Gypsy Card vs Tarot:
Today there are so many cards to chose from, and so many way reading them, that no one can be sure which one is right, which one to chose. The cards in this book combining different cards, Gypsy cards and Tarot into one and each cards read according to the Ancient Romani Tradition, which you might find surprising at least...
GYPSY CARD READING, THE CARD OF OFFICER
The Officer card is referring to the Spartans, which word was given to them by the Phoenicians, whom they used as slaves. Spardha in Sanskrit meaning race-, racism, emulous, envious.
The Spartan were a different tribe from the rest of the ancient Greek population, and they made themselves who they become, the Devil. Their characteristics was copied (hence the name emulation) from different disciplines. From Crete (Stoicism from Sanksrit Stuc to be bright or propitious) and from the North, the liberties of Yonians (seeking of pleasure, lust) at the same time. Whilst the red colour of the uniform was emulating the original inhabitants of ancient Greece, the Phoenicians, whilst their helmet was an imitation of Abraxas', their god's, rooster head, giving him authority to kill and exercise oppression over people. The Officer card representing the Servant of Fire Isira (the ego), which connect this card to the Servant's card. The Spartan is assisting the demons (damunas, i.e. Gorgon) to create ignorance and darkness in the world, protecting the stability and their power structure, their pyramid system. The uniform serves to hide their true personality whilst creating trust, authority, obedience and power to themselves.
In Sparta every infant was examined by a council of leading elder Spartans from the child's tribe to see whether he was fit and healthy enough to be allowed to live. In the event the baby did not pass the test, he was placed at the base of Mt Taygetus for several days in a test to die of exposure or survive the ordeal. At the age of seven, the male child was enrolled in the agoge from Sanskrit saGgamana and sAmagaNa i.e. gathering collectively under the authority of the paidonomos. The boys lived in groups (agélai, from Sanskrit gomat i.e. possessing or containing cattle or cows or herds) under an older man, a cattle herder. They were encouraged to give their loyalty to their communal mess hall known as the Syssitia, (from Sanksrit sAdhita, i.e. subdued by sadism), rather than to their families. Beginning at the age of 12, boys would be given only one item of clothing per year. They were intentionally underfed to encourage them to master the skills necessary to become successful at stealing their food. This was meant to produce tall, well-built soldiers rather than fat short ones. This let the boys become accustomed to hunger so that during a campaign, hunger would not be a problem. They would be severely punished, however, if they were caught stealing.
At around age 12 the boys were forced to enter into an institutionalised relationship with a young adult male Spartan. Plutarch described this form of Spartan pederasty wherein somewhat older warriors would engage promising youths in a long-lasting intimate relationship with a pedagogic motive. The boy was expected to request sexual relationship, which was seen as a method to pass on knowledge and maintain loyalty on the battlefield.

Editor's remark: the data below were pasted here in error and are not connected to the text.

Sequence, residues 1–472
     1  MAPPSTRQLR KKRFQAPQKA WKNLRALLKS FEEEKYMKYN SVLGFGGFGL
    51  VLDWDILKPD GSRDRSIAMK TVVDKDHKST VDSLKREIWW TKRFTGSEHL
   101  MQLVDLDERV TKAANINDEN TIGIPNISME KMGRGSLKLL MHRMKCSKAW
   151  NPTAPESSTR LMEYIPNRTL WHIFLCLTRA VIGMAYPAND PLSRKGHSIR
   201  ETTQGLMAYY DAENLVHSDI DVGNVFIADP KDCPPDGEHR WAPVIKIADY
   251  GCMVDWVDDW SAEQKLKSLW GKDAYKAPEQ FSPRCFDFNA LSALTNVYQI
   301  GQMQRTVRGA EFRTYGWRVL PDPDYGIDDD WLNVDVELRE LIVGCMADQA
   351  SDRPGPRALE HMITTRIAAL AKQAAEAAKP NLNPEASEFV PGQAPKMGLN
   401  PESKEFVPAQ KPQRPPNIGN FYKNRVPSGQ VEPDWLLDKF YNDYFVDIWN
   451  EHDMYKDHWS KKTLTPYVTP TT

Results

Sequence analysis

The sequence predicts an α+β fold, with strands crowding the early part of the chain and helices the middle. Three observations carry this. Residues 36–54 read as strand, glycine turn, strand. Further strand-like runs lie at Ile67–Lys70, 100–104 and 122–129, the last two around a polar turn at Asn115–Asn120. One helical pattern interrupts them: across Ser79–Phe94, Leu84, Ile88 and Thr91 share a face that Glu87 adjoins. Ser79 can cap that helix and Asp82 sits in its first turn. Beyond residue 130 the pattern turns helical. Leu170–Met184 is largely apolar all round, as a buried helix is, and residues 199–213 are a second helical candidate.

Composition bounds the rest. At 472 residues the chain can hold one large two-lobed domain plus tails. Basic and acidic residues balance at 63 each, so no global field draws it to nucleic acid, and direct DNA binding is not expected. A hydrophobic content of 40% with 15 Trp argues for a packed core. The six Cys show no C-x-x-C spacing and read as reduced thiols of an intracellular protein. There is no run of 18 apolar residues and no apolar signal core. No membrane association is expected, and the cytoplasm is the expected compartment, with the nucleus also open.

At the stage of paidiskoi, around the age of 18, the students became reserve members of the Spartan army. Some youths were allowed to become part of the Crypteria; (from Sanskrit cArapatha i.e. crossroad, representation of swastica, a type of 'Secret Police', identical to the Gestapo from the Sanskrit word; niSTapta meaning to burn, melt) where the members were instructed to spy on the Helot population and even kill Helots (Helot means inhabitants of Helos, the Phoenicians, who, after conquest, become serfs, slaves of the Spartans. (Helos is a Sanksrit word, 'hlas' meaning sound, referring to 'The Voice of God'.
Those Phoenicians, who were out at night or spoke seditiously, were killed, to help keep the population submissive. The state supported this by formally declaring war on the Phoenicians, the Romani people (Gypsies) every autumn, so that killing a Gypsy, a Helot, was not regarded as a crime, but a valuable deed for the good of the state.
Lest we forget... Read more >>
The Officer is called Spardha, dviliGga, dAha-balin in Sanskrit, meaning emulous, envious, division and tears. Devil comes from the Sanskrit word dviliGga, meaning pedophile, adopted into Greek as diaballein, from another Sanskrit word dAha-balin translating to burning serpent, and again referring to uncontrolled sexual desires, which then transformed into devil. The Sanskrit word Spardha is referring to the Spartans, Officer among the Gypsy Card and the Devil in Rider Tarot, which is a more appropriate title.
The Devil. Corresponding to the letter A, Sanskrit asra A, as tears. The Devil is a representation of blind impulse, irresistibly strong and unscrupulous; obsession. Materiality, material force, temptation, bondage. Ordeal, trouble, struggle. Secret plan about to be executed; obstinacy, rigidity, aching discontent
THE OFFICER CARD.